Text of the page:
Can House race in New York alter budget fight on Capitol Hill?
Democrats hope that a win in New York's 26th District on Tuesday would signal to GOP lawmakers that the public rejects their austerity plan for coping with national debt and the deficit.
The plot has thickened going into Tuesday's special election in a western New York congressional district, where polls show the Democratic candidate has surged ahead of the former GOP front-runner, amid a fierce contest centered mainly on the future of Medicare.Skip to next paragraph
The three-way race in New York’s 26th Congressional District is being characterized, especially by Democrats, as a referendum on the GOP proposal to replace Medicare with subsidies for seniors to buy private health insurance. The district has long been a Republican stronghold, and Democrats in Washington are hoping that a win there Tuesday would convince Republican lawmakers that the public rejects their strict austerity plan for dealing with the national debt and the deficit.
Weekend polls gave Democrat Kathy Hochul an edge over Republican Jane Corwin, who is now running four to six percentage points behind. Ms. Corwin, a state Assembly member, had been running four to six points ahead of Ms. Horchul, the Erie County clerk, as recently as late April. Former Democrat Jack Davis, running as a tea party candidate, is double-digits behind in the latest poll and is winning mainly Republican votes. Tea party activists say he is not one of them and is running as a spoiler.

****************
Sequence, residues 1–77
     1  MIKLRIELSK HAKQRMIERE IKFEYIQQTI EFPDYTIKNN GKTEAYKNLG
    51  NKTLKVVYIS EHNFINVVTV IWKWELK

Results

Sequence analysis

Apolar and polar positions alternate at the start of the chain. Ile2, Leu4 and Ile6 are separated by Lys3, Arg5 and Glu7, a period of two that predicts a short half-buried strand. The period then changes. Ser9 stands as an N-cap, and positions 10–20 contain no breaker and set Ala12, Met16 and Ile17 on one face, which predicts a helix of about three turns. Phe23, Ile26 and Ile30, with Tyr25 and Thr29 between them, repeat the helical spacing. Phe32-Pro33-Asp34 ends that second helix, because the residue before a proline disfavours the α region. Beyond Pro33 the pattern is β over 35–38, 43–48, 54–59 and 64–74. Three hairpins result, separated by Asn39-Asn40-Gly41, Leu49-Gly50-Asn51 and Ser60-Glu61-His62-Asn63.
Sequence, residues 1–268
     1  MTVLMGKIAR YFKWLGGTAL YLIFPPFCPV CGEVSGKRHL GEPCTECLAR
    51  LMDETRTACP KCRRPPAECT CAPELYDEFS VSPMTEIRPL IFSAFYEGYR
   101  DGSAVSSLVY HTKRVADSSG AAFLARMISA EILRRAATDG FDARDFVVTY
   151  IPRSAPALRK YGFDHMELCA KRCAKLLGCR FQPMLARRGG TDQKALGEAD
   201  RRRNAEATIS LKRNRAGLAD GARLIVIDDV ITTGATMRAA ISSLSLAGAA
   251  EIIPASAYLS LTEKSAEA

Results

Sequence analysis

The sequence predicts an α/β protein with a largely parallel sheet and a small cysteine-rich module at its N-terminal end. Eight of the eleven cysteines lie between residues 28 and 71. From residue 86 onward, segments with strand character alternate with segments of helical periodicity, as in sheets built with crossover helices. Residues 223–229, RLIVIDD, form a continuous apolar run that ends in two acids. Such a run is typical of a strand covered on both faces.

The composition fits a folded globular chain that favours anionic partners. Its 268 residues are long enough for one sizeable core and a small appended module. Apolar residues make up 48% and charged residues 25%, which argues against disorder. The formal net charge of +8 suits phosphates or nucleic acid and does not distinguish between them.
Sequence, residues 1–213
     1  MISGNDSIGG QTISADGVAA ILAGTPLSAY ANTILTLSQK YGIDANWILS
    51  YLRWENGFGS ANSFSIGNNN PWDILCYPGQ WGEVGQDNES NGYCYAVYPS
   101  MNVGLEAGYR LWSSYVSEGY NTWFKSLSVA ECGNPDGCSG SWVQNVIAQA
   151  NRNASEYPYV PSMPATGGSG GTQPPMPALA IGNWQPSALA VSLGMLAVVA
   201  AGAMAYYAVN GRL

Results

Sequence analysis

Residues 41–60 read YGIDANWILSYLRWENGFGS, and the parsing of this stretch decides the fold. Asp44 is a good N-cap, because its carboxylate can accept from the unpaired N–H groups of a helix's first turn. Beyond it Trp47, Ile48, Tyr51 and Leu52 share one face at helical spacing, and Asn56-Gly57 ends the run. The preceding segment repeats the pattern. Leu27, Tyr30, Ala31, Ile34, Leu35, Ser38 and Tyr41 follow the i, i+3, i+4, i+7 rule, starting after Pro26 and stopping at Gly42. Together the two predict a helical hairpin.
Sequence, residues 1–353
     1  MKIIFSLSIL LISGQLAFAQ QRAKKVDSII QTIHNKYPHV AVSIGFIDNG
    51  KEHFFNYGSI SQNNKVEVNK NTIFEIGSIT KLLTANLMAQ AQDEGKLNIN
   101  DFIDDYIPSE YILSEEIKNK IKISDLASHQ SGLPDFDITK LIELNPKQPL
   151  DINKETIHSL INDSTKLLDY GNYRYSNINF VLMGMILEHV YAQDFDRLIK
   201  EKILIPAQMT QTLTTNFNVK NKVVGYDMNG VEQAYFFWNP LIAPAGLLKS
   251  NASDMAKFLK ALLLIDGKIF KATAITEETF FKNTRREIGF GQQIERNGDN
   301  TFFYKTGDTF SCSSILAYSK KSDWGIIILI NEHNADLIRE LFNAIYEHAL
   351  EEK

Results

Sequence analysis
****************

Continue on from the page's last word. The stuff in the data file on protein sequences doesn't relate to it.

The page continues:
The race is the first major contest since the Republican-led House approved the fiscal 2012 budget plan crafted by Rep. Paul Ryan (R) of Wisconsin – without a single Democratic vote. That plan, which includes the controversial Medicare provision, will come up for a vote this week in the Democratic-led Senate, where it is expected to fail.
A defeat of that budget bill in the Senate – and an upset defeat in New York of a GOP candidate who backs that plan – would help build pressure on Republicans to compromise on debt and deficit issues, say Senate Democratic leaders.
“We want a bipartisan agreement, and defeating the Republican budget and showing the weakness of its support [among the public] is one of the most important steps to move in that direction,” said Sen. Charles Schumer (D) of New York, in a conference call with reporters on Monday.
Such a narrative, Republicans say, overlooks other factors in the race, especially the role of the so-called tea party candidate as a spoiler, dividing the Republican vote.